Dictatorship-era sexual abuse ratified as crime against humanity

The Federal Criminal Cassation Court described sexual abuse as ‘yet another disciplinary tool’

The Federal Criminal Cassation Court ratified its decision to declare sexual abuse and rape committed during the last military dictatorship as crimes against humanity. Using 36 sentences handed down to repressors over the past two decades, the Court defended the legal criteria to process sex crimes as such in future cases against former officers.

“They were horrendous crimes that we have to continue raising awareness about so that we never live through them again as a society,” said Human Rights Secretary Horacio Pietragalla Corti on Sunday.

Being considered a crime against humanity means that there is no longer a statute of limitations for reporting dictatorship-era sexual abuse and the crimes are considered to be part of a systematic attack against a sector of the civil population. In this case, it was mostly against women, but many men and LGBTQIA+ people were also subjected to these atrocities.

The court published Thursday a document that goes over the 36 sentences which treated sexual violence and abuse as a separate crime from torture as a part of the dictatorship’s modus operandi.

These include crimes against sexual integrity, such as violence against pregnant women and forced pregnancy. Many women were pregnant at the time of their illegal detention or got pregnant after being raped by their captors. They were often forced to carry out their pregnancies and give birth in the clandestine centers of detention where they were being held captive and tortured. Many were killed after giving birth, and their babies appropriated by officers.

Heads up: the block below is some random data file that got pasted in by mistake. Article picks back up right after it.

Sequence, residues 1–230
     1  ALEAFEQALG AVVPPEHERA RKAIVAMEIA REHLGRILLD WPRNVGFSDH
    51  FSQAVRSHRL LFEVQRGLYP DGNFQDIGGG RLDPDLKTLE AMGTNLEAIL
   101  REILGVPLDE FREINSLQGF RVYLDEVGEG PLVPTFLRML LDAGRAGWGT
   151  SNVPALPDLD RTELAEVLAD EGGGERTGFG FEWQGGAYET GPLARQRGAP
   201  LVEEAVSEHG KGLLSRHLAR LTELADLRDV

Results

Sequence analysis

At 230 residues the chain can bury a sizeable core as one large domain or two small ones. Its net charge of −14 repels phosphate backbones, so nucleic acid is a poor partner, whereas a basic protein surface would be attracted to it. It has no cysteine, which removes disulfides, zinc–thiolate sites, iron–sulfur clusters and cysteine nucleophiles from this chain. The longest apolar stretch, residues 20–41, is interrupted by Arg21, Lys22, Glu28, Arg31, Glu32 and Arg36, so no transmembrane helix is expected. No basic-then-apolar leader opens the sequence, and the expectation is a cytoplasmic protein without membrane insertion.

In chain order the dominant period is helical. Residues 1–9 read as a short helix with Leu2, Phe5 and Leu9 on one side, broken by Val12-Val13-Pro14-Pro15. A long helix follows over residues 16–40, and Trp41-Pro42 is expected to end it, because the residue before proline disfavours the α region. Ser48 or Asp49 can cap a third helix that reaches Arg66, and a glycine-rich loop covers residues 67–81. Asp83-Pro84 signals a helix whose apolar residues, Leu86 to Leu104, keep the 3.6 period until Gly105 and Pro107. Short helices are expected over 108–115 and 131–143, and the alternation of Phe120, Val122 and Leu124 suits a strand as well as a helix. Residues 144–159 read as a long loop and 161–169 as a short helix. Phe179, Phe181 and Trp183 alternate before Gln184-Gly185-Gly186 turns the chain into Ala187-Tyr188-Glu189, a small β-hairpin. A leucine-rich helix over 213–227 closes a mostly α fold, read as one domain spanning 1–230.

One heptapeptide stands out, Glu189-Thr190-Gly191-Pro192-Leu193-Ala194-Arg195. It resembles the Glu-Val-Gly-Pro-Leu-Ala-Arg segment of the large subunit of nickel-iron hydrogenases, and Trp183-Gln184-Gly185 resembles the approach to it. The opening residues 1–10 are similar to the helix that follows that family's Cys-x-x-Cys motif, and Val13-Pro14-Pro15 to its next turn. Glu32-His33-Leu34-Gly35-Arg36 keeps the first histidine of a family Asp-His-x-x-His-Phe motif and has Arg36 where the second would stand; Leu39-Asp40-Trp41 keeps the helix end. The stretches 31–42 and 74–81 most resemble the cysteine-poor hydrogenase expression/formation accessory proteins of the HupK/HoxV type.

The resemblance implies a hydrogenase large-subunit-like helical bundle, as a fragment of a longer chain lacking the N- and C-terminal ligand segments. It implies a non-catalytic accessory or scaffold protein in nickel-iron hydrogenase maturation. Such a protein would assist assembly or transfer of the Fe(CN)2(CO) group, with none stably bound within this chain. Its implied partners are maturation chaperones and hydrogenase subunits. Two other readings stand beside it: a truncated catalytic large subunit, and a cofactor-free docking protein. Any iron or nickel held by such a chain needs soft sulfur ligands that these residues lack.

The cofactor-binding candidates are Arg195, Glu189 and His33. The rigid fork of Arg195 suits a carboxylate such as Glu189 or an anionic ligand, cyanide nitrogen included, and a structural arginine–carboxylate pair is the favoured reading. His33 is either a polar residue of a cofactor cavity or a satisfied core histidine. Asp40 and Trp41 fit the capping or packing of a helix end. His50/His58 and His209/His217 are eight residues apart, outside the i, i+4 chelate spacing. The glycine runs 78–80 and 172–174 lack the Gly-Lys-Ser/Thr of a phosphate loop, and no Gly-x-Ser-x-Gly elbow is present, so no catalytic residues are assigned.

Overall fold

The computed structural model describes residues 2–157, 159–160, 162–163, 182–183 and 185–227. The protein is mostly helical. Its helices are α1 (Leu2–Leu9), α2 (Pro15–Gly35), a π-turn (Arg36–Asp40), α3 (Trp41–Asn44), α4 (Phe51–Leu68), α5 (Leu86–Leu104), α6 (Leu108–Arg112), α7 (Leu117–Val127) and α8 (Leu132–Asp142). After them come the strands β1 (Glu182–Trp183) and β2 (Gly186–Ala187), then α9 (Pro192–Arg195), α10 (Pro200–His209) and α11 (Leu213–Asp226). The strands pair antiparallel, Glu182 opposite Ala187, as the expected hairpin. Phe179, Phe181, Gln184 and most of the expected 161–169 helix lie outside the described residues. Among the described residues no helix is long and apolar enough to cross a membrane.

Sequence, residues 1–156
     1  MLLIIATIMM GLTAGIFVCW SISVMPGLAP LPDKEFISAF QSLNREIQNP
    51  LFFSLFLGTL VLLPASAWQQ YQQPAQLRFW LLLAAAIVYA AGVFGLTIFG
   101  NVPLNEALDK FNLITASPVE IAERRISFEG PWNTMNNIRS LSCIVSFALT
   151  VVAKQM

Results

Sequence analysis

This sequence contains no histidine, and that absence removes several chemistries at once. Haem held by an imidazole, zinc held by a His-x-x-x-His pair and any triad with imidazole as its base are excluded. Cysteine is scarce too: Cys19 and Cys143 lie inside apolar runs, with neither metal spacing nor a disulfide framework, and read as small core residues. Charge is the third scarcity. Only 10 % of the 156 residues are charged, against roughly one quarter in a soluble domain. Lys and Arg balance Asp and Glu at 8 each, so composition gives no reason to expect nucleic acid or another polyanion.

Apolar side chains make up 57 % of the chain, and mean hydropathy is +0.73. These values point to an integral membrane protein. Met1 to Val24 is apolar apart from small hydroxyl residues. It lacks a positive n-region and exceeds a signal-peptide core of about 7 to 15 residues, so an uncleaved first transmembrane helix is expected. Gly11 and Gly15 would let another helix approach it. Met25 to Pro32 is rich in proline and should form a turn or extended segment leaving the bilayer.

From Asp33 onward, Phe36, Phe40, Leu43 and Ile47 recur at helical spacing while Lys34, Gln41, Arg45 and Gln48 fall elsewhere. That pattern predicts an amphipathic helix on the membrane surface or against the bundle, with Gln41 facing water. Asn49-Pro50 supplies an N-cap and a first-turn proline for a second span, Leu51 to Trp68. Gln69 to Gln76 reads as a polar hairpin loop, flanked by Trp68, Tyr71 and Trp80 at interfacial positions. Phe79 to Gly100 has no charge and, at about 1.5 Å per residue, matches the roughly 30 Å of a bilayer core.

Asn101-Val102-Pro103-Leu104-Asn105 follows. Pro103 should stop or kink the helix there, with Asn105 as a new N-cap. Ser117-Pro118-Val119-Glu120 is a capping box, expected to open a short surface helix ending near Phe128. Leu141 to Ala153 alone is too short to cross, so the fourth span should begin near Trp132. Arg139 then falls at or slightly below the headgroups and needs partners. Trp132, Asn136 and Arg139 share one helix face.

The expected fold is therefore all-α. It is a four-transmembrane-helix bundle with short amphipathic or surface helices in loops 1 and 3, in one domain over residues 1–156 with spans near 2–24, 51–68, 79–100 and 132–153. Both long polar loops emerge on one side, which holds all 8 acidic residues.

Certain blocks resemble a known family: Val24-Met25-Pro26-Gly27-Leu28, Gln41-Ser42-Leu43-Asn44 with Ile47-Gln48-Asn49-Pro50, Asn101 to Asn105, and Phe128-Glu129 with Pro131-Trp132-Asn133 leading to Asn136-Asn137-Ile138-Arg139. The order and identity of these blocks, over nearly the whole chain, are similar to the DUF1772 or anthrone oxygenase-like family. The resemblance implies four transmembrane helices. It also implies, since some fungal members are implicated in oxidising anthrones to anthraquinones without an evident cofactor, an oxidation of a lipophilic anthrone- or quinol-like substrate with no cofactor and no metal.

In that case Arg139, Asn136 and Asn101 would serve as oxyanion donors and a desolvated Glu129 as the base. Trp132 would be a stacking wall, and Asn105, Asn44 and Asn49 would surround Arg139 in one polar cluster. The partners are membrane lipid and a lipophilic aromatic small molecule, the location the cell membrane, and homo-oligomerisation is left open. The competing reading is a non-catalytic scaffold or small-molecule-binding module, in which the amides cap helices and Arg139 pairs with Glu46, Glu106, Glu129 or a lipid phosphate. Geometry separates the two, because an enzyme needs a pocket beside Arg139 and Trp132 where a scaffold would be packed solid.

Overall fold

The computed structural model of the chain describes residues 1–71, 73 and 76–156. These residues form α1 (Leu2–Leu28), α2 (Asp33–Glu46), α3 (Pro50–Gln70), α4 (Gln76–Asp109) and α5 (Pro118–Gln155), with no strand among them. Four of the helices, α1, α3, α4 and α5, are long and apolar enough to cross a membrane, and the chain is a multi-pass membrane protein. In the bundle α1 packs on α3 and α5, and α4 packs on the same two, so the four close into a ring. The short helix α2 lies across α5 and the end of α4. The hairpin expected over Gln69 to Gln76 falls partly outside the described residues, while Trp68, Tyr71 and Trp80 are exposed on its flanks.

Recognizing sex crimes as crimes against humanity helped convict superiors who raped or sexually abused kidnapped women or were indirectly responsible for crimes committed by officers under their orders, the court highlighted in its compilation.

Those convictions “recognize that specific way of causing pain and hurting women was yet another tool to discipline them not only in the political sphere, but also in their gender role,” it says in the document.

The first time a sexual crime was convicted as a crime against humanity was in 2010 in Mar del Plata. Repressor Gregorio Molina was sentenced to life in jail for rape and attempted rape. Mar del Plata’s Federal Oral Court considered the tortures suffered by his victims “were specific and directed at them for being women, with a clear discriminatory intention.”

Since then, there have been 35 similar sentences. One of the officers convicted of sexual crimes against humanity is Jorge “Tigre” Acosta, who recently seemed to back far-right candidate Javier Milei in an open letter written from prison.

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— With information from Télam.


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